Copyright 2002 American Medical Association. All Rights Reserved. Applicable FARS/DFARS Restrictions Apply to Government Use.2002
There are many steps between drug discovery and prescribing for a patient. Each step has problems. In this issue of ARCHIVES, Klein and colleagues propose changes in clinical trials that would result in more meaningful information for the treating physician. Of particular importance is the gap between what a physician needs to know and what is produced in the clinical trials that leads to approval of a new drug by the US Food and Drug Administration (FDA). Their recommendations for improving clinical trials are cogent, but broad-based implementation depends on an organizational structure and political effectiveness not presently in place. Most important, as the authors note, is an effective work group representing industry, regulatory agencies, and academic and federal science, addressing clinical trials issues with public participation. While improved quality and relevance of data from clinical trials will strengthen the scientific foundation of pharmacotherapy, other problems impede the delivery of objective information to the treating physician. Most hotly debated is the role of money in the creation and dissemination of knowledge.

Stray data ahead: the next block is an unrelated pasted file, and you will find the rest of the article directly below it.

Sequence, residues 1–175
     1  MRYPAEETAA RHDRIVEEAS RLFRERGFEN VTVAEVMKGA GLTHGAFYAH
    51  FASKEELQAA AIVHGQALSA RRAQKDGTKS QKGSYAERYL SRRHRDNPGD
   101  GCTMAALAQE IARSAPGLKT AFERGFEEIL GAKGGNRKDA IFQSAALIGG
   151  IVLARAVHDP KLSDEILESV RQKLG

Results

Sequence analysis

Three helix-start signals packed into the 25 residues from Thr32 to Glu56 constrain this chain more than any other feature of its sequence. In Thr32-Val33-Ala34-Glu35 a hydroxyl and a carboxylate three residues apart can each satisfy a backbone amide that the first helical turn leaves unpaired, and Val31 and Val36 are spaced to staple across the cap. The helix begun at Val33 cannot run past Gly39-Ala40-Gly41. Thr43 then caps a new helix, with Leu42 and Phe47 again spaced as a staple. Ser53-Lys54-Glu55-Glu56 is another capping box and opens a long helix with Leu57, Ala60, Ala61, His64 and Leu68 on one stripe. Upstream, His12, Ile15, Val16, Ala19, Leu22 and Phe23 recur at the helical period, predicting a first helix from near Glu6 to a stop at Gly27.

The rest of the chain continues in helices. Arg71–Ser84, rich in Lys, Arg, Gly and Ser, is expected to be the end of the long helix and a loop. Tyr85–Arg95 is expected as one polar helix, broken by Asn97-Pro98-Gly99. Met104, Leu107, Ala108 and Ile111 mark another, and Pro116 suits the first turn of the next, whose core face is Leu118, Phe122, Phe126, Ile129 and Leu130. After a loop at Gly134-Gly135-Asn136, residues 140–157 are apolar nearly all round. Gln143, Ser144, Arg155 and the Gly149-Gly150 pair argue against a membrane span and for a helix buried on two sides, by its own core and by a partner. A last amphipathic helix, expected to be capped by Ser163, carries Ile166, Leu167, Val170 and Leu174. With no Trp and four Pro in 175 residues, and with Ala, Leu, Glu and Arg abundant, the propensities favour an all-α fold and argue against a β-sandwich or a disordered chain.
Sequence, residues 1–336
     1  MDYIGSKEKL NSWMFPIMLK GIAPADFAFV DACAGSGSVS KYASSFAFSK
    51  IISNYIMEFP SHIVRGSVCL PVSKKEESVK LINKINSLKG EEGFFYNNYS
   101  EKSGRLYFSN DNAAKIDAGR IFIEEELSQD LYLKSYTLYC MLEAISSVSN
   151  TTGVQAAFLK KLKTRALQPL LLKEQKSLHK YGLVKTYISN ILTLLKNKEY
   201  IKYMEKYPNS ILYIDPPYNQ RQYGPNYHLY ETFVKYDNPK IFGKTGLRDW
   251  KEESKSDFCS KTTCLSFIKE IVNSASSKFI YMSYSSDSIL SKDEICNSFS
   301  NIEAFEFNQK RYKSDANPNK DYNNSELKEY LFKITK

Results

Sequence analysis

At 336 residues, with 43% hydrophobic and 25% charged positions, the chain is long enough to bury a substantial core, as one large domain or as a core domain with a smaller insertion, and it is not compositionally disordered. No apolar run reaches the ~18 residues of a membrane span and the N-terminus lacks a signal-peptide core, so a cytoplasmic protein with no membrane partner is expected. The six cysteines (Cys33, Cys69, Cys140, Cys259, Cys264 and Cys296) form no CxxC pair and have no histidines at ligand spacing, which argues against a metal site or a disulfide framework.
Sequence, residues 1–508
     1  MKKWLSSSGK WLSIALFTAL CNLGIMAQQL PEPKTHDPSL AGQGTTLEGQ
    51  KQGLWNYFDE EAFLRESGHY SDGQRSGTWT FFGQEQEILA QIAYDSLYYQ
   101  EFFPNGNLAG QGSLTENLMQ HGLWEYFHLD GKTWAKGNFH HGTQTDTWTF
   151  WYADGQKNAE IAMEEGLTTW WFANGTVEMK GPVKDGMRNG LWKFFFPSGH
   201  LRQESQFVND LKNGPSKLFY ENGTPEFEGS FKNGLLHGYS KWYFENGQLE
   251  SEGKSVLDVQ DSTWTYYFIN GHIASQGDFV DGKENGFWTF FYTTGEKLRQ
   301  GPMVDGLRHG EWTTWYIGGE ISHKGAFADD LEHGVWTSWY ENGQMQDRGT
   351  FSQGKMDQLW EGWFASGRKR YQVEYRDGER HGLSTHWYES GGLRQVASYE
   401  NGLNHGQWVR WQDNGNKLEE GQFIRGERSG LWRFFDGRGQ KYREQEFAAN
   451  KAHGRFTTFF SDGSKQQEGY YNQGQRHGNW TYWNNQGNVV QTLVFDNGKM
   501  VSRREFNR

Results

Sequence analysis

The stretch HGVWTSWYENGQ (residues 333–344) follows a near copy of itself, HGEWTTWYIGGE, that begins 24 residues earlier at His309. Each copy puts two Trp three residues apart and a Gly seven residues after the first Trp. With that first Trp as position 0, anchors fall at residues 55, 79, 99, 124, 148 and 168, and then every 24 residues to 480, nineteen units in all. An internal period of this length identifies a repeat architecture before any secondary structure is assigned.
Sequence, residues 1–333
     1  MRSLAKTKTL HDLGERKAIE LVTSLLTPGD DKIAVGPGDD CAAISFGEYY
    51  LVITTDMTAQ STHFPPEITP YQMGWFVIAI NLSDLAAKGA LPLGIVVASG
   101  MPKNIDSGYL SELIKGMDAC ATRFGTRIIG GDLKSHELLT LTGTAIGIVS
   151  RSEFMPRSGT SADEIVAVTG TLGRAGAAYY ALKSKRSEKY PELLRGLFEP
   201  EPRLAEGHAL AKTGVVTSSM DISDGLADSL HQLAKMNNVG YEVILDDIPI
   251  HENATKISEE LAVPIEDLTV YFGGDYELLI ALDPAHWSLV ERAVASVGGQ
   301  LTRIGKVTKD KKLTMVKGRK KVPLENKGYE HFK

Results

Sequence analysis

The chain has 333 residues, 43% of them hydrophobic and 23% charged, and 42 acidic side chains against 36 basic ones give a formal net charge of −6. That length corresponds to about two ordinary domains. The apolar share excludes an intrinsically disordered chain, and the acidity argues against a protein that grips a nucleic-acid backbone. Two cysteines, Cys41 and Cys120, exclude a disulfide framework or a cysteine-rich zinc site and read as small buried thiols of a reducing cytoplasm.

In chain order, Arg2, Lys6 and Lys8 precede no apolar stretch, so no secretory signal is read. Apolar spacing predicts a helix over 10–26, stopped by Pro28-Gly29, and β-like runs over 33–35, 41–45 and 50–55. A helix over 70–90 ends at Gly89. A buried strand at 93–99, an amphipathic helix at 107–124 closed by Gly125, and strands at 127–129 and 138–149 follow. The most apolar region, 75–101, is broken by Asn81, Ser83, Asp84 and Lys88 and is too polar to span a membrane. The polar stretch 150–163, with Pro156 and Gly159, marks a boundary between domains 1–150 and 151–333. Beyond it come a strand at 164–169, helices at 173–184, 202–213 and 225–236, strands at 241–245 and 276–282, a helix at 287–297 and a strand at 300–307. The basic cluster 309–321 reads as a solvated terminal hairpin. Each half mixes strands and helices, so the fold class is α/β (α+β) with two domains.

Carpenter WT. From Clinical Trial to Prescription. Arch Gen Psychiatry. 2002;59(3):282–285. doi:10.1001/archpsyc.59.3.282
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